This series of posts is dedicated to the many, many six packs, pony kegs and pints that have sauntered into my life at one point or another.
We arrived in Asheville at the very beginning on the city’s seismic craft beer revolution. There were only a few modest craft brewers when we took up residence, and the one that demanded the least of our attention was French Broad Brewing Company. That changed one night when my partner in all things came home raving about their Gateway Kolsch. A few weeks later, it was one of the premium beers served at a wedding we attended, only solidifying its place high in our hierarchy of local libations as we indulged happily in its crisp, bright flavor. As much as any other offering from our beloved area breweries, the Gateway Kolsch became the standby, the beer that always seemed to be on tap when we needed it, the one that guaranteed quality even as some other favorites occasionally wavered as the brewers adjusted to exploding demand. It’s consistently available at our preferred movie theater. That alone guarantees that we have plenty of pints of it. And the brewer fairly recently made it available in cans, which somehow makes it all the better. Beyond the fact that I’ve almost completely converted to the side of the canned beer zealots, there’s an indefinable increase in satisfaction to cracking a can open, especially on a hot summer day. Maybe it’s nothing more than nostalgia, with a key difference between the remembered past and the happy present is that most of the older beers didn’t taste as good as a Gateway Kolsch.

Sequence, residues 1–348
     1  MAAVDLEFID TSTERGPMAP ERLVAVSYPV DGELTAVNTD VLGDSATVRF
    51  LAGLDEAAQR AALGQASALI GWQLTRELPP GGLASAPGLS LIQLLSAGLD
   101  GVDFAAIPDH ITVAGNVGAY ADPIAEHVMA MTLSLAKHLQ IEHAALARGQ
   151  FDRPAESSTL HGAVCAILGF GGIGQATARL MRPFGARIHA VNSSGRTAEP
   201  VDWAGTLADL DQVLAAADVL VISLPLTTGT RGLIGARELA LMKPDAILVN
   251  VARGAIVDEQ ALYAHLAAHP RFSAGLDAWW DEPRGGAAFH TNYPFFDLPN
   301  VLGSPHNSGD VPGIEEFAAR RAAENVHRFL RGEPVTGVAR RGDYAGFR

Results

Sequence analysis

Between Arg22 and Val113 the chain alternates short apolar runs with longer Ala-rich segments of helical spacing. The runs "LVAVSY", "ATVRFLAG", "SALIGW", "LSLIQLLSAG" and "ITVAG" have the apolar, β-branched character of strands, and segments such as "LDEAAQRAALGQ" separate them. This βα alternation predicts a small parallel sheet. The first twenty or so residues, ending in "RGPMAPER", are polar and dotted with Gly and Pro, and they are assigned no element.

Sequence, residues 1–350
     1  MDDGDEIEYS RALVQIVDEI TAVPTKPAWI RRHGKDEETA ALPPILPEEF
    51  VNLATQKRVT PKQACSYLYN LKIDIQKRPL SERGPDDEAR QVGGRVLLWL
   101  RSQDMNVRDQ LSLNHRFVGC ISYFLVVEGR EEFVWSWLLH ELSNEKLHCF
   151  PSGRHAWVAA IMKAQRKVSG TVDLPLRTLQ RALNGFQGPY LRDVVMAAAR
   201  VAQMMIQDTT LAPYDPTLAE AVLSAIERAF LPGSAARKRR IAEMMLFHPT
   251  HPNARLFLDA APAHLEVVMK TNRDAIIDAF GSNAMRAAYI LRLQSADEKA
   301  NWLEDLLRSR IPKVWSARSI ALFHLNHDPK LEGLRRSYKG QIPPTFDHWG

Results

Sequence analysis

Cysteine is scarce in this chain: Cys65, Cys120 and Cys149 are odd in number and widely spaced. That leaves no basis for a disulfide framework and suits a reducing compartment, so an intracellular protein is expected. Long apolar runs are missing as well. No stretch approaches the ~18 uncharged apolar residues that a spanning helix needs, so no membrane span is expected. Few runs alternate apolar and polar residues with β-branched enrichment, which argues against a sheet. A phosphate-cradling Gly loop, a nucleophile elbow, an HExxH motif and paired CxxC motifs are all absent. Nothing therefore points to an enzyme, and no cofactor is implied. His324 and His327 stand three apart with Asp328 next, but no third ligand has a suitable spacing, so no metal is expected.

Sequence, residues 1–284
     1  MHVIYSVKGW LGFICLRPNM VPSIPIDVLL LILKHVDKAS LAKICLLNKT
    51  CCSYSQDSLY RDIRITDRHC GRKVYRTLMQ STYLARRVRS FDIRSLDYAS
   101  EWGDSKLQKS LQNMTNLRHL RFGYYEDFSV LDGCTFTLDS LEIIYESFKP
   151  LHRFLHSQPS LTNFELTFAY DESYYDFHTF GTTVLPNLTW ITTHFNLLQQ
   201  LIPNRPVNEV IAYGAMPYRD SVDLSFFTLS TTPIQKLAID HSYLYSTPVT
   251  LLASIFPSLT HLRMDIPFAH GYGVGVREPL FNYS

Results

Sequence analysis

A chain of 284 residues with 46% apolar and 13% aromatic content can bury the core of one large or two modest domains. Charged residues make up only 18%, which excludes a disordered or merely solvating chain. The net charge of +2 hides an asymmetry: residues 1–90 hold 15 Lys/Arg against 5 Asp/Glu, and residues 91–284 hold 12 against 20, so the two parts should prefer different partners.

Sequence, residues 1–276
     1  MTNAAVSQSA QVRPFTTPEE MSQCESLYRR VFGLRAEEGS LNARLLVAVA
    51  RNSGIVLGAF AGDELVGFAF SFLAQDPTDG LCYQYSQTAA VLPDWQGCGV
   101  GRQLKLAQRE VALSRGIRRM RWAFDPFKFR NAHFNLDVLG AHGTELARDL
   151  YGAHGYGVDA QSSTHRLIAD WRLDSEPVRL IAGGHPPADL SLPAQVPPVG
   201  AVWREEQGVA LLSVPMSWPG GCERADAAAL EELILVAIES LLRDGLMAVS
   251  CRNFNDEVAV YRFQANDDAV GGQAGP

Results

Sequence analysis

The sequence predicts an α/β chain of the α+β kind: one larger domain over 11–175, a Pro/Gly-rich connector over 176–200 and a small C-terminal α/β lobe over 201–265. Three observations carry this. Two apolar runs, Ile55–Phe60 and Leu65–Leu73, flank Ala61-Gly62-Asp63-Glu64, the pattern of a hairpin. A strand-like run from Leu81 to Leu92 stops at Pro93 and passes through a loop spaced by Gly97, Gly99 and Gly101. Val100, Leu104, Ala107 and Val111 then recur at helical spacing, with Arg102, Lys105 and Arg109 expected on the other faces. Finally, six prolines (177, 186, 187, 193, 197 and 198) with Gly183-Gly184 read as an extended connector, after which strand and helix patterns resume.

—21st Amendment Bitter American
—Abita Restoration Pale Ale
—Highland Thunderstruck Coffee Porter
—Samuel Adams Boston Lager
—New Glarus Brewing Company Wisconsin Belgian Red
—ABA Hoppy Saison
—Abita Strawberry Harvest Lager
—Three Floyds Apocalypse Cow